Ponto and the School Age Child - A Parent's Perspective
AudiologyOnline: Melissa, thanks for your time today. The last time we spoke with you, your daughter Ally was a toddler and using the Ponto bone anchored system. Ally is now six and a half - how have her hearing needs evolved?
Melissa Tumblin: As Ally has gotten older, I have noticed that she struggles with understanding what is explained to her whether someone is describing how to play a game or at school when her teachers are describing what they will be doing in class. Ally has a auditory processing disorder, in addition to her hearing loss, making it a challenge for her to process information that is explained to her, quickly. Ally performs much better when she is aided and does not appear to lose as much information when she is having things explained to her. Helping Ally be more of a visual learner has also helped her manage her hearing loss better. She is being taught to be alert and attentive. Also, now that Ally is older and able to communicate and advocate for herself, she understands how her hearing device helps her hear better. When Ally was younger, it was difficult trying to obtain information from her and feedback on what worked for her. Now, she is able to help me advocate with her.
AudiologyOnline: Ally has worn the Ponto from a very young age on the soft band. Given what you know now, would you make that same decision again?
Melissa: Yes. Ally began wearing the Ponto at 11 months of age. Ally is now 6.5 years old and if we had not discovered Ponto for Ally, she would have been struggling with her hearing loss. When Ally does not have her Ponto on, she questions things more by saying “what did you say mommy?” or “say that again.” She truly is hard of hearing and just doesn’t hear everything when she is not aided. When Ally is aided, she hears so much better and when I call for her, she looks in my direction and comes directly to me. When Ally is not wearing her Ponto, this does not happen and she looks all over for me. Ally is at the age now where she wears her Ponto every day, from morning until night. She also asks for her Ponto when I haven’t given it to her and she has begun advocating for herself with her hearing loss at school, at home, at dance class, at camps, and while playing with friends.
AudiologyOnline: It's great to hear about those benefits. Have you seen benefits in academic skills and social skills as well?
Melissa: Yes, absolutely. Before Ally was aided she really didn’t respond much and was very quiet. Ever since Ally has been aided, she is more vocal and I see her facial expression is so positive and lit up. Ally also enjoys listening to music more and singing in school. I know she is enjoying listening to music because she often comes home from school singing songs that she is learning word for word. This tells me that she is enjoying hearing music and hearing well enough to be able to recite songs on her own. I can see the excitement in her face and she is very outgoing now. She enjoys playing games with her peers and being out on the playground much more now because she can hear what her friends are asking her to do and what to play. I just watched her play a game of freeze tag at the park the other day with other kids and it made me smile that she could participate and know what to do. At school, her teachers say that she is very responsive, especially during story time. She listens and answers their questions and mimics the sounds that are made during the stories. Now that Ally is learning her alphabet, hearing is important to help her develop reading and higher language skills. She carries on very well with her friends, even in loud places such as the cafeteria and gym.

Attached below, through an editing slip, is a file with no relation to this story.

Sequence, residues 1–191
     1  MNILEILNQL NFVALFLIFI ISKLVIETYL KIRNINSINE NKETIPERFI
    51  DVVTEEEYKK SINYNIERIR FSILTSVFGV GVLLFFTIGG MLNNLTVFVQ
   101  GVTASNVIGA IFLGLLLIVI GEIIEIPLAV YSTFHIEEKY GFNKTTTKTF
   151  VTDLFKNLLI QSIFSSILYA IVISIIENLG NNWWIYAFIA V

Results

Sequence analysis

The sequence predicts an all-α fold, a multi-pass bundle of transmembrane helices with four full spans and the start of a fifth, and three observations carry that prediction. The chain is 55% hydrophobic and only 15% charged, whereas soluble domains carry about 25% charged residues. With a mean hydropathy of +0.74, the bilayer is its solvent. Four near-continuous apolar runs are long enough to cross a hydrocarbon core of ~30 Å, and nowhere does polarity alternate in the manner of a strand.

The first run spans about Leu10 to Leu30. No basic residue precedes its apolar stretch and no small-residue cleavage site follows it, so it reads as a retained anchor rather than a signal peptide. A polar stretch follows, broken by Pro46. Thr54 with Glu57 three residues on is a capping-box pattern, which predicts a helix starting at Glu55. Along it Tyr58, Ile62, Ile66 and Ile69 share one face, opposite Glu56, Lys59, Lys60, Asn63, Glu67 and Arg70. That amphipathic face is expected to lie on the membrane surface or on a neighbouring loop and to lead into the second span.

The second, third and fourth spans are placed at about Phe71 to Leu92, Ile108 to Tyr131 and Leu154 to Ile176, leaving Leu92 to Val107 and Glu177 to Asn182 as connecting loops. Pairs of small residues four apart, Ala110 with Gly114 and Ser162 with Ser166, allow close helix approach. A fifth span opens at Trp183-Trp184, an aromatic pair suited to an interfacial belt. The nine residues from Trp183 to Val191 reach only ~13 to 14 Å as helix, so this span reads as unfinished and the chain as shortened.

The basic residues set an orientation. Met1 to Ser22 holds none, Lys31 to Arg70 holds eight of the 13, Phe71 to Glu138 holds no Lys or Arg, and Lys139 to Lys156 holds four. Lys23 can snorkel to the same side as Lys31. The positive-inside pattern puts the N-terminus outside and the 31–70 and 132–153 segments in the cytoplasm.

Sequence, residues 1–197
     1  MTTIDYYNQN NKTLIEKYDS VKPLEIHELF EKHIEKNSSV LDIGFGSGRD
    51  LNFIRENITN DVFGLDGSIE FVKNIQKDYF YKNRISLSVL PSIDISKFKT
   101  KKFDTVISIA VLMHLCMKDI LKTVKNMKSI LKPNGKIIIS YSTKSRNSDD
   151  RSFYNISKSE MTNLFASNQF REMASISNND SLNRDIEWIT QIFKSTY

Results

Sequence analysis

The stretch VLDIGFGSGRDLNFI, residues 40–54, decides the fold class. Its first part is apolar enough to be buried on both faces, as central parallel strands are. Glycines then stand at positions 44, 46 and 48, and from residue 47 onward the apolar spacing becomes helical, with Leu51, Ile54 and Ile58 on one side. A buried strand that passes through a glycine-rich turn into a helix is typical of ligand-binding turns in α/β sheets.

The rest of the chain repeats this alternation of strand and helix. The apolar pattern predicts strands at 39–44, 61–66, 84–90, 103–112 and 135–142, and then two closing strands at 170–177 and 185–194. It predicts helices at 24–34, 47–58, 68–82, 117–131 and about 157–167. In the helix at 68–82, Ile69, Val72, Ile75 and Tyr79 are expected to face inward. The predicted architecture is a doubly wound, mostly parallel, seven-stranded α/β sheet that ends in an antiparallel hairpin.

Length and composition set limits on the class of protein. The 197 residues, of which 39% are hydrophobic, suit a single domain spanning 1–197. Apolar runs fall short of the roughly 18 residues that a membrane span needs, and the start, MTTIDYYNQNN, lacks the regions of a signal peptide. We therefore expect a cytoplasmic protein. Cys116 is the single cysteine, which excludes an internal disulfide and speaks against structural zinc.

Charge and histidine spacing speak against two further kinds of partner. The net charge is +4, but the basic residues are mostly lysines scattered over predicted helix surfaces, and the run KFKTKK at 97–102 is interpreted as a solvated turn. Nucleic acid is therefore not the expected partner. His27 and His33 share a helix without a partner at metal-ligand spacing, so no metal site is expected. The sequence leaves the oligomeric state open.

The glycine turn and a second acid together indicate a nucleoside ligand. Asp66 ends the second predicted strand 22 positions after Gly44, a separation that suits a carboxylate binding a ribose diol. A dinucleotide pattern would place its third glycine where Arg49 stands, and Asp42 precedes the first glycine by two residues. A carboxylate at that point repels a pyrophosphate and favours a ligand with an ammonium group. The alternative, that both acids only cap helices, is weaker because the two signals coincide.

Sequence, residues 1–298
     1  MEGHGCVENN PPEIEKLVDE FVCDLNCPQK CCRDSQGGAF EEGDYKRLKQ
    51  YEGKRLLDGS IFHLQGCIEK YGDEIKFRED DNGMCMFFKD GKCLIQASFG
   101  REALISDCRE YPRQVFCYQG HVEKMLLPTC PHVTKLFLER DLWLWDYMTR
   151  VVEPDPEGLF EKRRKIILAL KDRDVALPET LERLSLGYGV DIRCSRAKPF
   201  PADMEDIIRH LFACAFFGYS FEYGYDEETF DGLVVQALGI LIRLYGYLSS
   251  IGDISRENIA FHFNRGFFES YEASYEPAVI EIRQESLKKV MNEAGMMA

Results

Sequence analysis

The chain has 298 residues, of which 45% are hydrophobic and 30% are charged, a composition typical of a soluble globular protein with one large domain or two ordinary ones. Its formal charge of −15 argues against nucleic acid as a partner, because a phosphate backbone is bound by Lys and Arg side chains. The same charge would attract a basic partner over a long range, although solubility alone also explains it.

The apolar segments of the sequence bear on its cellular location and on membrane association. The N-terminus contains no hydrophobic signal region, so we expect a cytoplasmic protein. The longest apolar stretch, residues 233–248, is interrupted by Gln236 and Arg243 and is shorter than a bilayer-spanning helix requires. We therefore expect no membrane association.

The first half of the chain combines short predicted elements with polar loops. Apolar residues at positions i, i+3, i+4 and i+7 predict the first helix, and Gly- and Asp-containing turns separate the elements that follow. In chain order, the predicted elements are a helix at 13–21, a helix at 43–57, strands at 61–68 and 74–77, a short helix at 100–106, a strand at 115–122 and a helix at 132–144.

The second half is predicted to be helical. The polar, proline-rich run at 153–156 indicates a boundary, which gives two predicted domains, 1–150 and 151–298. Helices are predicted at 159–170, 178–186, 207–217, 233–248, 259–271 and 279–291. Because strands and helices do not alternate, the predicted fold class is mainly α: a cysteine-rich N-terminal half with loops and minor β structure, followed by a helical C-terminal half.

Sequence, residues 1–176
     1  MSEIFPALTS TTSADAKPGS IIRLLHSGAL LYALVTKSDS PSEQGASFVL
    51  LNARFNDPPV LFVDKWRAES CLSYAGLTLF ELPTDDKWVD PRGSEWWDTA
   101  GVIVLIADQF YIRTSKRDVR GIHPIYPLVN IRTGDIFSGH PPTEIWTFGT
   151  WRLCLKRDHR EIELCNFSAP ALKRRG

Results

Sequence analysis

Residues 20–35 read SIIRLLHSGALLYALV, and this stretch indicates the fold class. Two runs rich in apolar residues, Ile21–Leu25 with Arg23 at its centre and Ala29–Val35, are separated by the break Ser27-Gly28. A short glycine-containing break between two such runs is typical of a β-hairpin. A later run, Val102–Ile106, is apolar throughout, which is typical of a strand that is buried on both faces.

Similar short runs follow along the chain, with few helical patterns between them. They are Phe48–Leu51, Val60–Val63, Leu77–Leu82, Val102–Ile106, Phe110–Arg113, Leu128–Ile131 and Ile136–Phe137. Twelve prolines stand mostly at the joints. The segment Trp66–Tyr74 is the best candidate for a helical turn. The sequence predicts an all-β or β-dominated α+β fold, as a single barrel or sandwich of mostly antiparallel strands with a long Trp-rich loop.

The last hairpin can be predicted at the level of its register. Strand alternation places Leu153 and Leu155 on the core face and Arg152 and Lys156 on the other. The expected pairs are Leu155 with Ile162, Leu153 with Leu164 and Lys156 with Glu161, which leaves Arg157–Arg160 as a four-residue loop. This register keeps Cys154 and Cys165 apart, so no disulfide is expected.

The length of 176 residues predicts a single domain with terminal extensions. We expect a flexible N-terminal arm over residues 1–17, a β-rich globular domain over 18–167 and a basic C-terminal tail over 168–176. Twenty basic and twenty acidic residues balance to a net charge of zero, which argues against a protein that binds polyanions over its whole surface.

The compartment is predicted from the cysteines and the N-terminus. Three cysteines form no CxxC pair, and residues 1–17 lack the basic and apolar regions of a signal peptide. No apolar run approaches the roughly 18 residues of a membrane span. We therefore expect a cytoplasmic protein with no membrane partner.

Ally and her doll both wearing their hearing devices.
AudiologyOnline: When Ally attends new situations like a new school or classroom, a new play group, or other social activities, how have you prepared her and others regarding use of the Ponto?
Melissa: Ever since Ally began attending preschool, all of her teachers have known about her Ponto. Her teachers help her with her Ponto when she needs help. The school audiologist also conducts periodic checks on Ally’s Ponto to make sure the volume is alright and everything is still in line with her hearing loss. Whenever we are around new friends or when Ally is in gymnastics or at a camp, we let everyone know that Ally has a hearing loss and that this is her hearing aid. Everyone has been great with helping Ally in all situations. If your child goes to a school where there is not a hearing loss program available, just make sure you talk with your child’s teachers about his/her hearing device and show them how the battery goes in and to maybe help make sure the hearing device stays on their head.
AudiologyOnline: You mentioned that now Ally is becoming her own advocate. Can you expand on that?
Melissa: Ally is very lucky as she attends a public school that offers a deaf and hard of hearing program, while being mainstreamed with her hearing peers in the same class. Ally has other children in class with her who also wear hearing devices, so she does not feel different. When Ally is around other children who do not have hearing loss and they ask, “What is that on you head?”, she just tells them that this is her hearing aid and that it helps her hear better. The younger kids usually think Ally’s Ponto is pretty cool because they think it is "bionic" or has "extra hearing power". Otherwise, Ally puts her Ponto on every morning when she gets ready for school just as she gets dressed and eats breakfast, and wears it straight through until bedtime. Ally used to ask to take her Ponto off after wearing it for so many hours. During the past couple of years, she keeps her Ponto on from morning until night. She also protects it when it rains.
When Ally was younger, I was the one always putting on her Ponto and making sure she wore it for so many minutes to hours at a time until she accepted wearing her hearing device for long enough periods. Over the past couple of years, we've taught her to advocate for herself in putting her hearing device on at school, when to ask for a new battery if the hearing device has stopped working, and how to connect to the FM system. If she ever needs a break from her Ponto, I of course allow her to take her hearing device off for a break. Ally is proud of her Ponto and she enjoys personalizing it too. She has a butterfly clip in place of the clip that comes with the safety line and she often likes to put stickers on her Ponto and bling it up for the holidays and for the school year. She has also put bows on her soft band head band that match her outfits.
AudiologyOnline: Does Ally use any accessories with her Ponto?